Why Utah public library staff may soon need a background check

The bill would require library systems to establish policies for background checking employees or lose federal funding.

(Rick Egan | The Salt Lake Tribune) The journals department of the Granite Library at 3300 South, South Salt Lake, in June 2022. The Utah House Education Committee passed a bill that would require public library systems to require criminal background checks on their employees, or risk losing government funding. Many Utah systems already have policies requiring such reviews.

A bill that would require employees of public libraries across Utah to have criminal background checks or face their libraries losing federal funding has cleared its first legal hurdle.

House Bill 284, introduced by Rep. Dan Johnson, R-Logan, would “prohibit a public library from receiving government funds unless the library implements a policy requiring criminal background checks on employees.”

After a brief discussion Thursday morning, the House Education Committee voted unanimously to move the bill forward.

A committee member, Rep. Kera Birkeland, R-Morgan, stressed the need for background checks on library staff. “Parents think they are falling [their children] somewhere safe,” she said.

Chaundra Johnson, state librarian and director of the Utah State Library, said many library systems in Utah already have background check policies in place. The bill, she said, would “spur on those libraries that don’t have policies.”

Dan Johnson, a retired school principal, introduced a version of this bill in 2022 but never left the committee. Since then, Johnson told The Tribune, he has been meeting with librarians across the state to rewrite the bill so they could support it.

One major change, Johnson said, is that the bill would include a tax bill that it estimated would cost the state Department of Public Safety $15,000 a year to pay for background checks on library employees in smaller, rural communities. Without a tax assessment last year, the costs would have been borne by the local libraries or their staff.

“It’s difficult for some of these people to get a background check,” Johnson said. “You have to drive 30 or 50 miles or more to get one.”

The bill would allow Utah’s smallest counties, designated fifth and sixth graders by population, to receive the financial assistance to pay for background checks. Sixth-grade counties in Utah are Daggett, Piute, Wayne, and Rich; the fifth-class counties are Garfield, Beaver, Kane, Grand, and Emery.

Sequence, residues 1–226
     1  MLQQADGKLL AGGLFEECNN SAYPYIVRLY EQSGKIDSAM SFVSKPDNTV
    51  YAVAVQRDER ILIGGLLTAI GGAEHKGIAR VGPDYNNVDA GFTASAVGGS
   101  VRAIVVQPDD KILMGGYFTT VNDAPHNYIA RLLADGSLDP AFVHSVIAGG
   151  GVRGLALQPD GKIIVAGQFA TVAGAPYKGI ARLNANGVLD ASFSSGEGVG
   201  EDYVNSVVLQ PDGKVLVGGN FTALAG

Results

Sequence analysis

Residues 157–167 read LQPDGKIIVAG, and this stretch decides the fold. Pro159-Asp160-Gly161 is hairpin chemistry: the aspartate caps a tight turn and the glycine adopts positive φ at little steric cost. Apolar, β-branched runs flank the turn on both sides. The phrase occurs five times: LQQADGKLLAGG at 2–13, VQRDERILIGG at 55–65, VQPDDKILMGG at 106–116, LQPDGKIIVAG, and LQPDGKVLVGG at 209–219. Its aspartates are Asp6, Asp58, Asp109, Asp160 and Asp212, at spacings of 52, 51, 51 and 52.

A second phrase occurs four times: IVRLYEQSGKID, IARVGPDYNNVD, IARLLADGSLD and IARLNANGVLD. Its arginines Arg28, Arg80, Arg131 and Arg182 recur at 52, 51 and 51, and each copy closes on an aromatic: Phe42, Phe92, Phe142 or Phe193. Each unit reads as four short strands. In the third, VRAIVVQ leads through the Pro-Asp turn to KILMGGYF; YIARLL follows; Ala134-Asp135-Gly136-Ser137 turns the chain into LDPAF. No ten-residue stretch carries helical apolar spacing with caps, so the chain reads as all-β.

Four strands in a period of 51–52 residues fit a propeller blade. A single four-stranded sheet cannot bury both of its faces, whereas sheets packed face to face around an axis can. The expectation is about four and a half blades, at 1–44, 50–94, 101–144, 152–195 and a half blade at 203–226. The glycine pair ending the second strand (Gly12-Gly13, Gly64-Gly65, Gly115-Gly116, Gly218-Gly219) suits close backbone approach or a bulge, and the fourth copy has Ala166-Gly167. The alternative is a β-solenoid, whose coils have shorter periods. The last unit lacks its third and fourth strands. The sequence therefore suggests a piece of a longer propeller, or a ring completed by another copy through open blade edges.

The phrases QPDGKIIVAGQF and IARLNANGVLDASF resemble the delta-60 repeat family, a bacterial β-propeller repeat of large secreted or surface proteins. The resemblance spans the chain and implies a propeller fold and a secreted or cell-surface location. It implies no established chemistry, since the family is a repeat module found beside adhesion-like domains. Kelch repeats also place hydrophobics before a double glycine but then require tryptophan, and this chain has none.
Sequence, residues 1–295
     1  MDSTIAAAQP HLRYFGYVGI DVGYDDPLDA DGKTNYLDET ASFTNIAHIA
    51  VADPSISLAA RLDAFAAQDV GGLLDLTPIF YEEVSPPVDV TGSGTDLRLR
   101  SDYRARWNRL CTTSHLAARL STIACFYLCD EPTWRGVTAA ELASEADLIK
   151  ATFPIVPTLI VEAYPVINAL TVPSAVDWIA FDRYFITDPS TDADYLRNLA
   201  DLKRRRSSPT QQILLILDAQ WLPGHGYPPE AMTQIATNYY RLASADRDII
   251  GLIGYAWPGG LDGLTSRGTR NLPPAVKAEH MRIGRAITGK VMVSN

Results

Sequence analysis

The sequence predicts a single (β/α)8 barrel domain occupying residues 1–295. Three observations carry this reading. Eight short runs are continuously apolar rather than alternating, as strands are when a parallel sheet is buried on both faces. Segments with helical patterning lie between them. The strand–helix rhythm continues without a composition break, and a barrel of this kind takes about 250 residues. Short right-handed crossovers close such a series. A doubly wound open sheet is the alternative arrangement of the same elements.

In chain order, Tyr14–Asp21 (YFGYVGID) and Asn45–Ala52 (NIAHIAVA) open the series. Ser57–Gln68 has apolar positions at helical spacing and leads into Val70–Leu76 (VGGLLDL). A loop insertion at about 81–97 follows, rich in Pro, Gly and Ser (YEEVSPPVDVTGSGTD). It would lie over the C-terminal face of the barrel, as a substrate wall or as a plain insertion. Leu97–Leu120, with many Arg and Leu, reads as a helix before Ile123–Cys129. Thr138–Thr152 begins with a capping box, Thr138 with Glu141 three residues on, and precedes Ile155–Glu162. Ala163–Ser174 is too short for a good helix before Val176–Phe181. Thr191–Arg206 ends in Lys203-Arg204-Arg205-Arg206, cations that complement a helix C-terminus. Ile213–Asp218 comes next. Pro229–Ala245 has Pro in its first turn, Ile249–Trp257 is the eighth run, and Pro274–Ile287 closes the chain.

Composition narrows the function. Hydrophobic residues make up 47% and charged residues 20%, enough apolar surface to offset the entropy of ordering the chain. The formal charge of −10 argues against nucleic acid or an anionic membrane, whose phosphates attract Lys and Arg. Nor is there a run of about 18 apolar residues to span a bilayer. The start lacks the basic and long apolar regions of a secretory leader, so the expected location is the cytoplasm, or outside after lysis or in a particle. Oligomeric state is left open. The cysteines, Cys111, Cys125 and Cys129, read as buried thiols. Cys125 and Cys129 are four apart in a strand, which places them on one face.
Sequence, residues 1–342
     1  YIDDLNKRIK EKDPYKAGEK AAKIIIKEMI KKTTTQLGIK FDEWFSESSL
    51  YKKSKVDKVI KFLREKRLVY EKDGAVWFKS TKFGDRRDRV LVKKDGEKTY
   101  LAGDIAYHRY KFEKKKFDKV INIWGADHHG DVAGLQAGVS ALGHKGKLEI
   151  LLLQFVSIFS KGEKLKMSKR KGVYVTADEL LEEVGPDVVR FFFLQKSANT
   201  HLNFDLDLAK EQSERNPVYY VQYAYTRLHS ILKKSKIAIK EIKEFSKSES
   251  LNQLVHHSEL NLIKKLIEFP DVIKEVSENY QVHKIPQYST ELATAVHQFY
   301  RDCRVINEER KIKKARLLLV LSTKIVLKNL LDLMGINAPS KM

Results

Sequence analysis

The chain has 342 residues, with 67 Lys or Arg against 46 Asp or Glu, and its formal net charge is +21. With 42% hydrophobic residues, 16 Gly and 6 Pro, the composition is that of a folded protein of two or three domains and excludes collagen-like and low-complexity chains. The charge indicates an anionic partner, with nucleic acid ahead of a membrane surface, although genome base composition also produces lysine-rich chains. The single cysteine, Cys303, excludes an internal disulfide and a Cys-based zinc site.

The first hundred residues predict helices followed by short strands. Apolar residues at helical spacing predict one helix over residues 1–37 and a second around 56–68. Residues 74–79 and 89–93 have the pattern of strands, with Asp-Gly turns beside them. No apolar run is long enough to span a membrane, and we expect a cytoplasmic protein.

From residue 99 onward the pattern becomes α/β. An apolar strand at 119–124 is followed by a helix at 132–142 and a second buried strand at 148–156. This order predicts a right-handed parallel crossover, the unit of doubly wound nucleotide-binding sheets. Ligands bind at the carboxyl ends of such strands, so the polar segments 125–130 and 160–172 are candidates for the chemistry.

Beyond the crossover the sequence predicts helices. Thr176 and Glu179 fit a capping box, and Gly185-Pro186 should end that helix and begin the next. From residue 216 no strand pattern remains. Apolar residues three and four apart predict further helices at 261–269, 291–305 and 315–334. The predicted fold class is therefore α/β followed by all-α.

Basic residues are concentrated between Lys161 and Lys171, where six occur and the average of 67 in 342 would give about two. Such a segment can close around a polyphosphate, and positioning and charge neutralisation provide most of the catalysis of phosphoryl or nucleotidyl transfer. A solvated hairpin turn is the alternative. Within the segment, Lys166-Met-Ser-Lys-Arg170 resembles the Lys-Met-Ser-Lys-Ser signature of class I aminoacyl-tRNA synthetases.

Another committee member, Rep. Joseph Elison, R-Toquerville, asked if more populous rural counties — he specifically mentioned San Juan County — might also be eligible for financial assistance because of the long distances required to travel in those counties. Johnson told Elison he would like to consider expanding aid to the state’s fourth-rate counties (Juab, Morgan, Millard, San Juan, Duchesne, Carbon, Sevier, Sanpete, Wasatch and Uintah), but the bill would require another tax note require .

Rebekah Cummings, vice chair of the Utah Library Association and chair of the Utah State Library Board, told The Tribune last year’s version was “problematic,” and she credits Johnson for the rewrite.

“From a large library perspective, you could look at those costs and say, ‘Oh, that’s nothing,’ but when you’re running a small rural library, literally every dollar counts,” Cummings said.

Johnson said that when he was in training, “everyone I worked with had to go through a background check to make sure they had no background [with] Liability issues.” It would be a “horrible place,” he said, if something were to happen to a child because a librarian with a “horrible background” — say, a sex offender — was hired.

“Libraries have always been a very safe place for people,” Cummings said. “We are really proud to be one of the places where people can come with their families. … I am in no way opposed to directives being put in place to ensure this [libraries] take care.”

The bill goes to the full house for examination. If both chambers approve the bill and Gov. Spencer Cox signs it, the background check rule would go into effect on July 1, 2024.

https://www.sltrib.com/news/politics/2023/02/09/public-library-employees-may/ Why Utah public library staff may soon need a background check

Justin Scaccy

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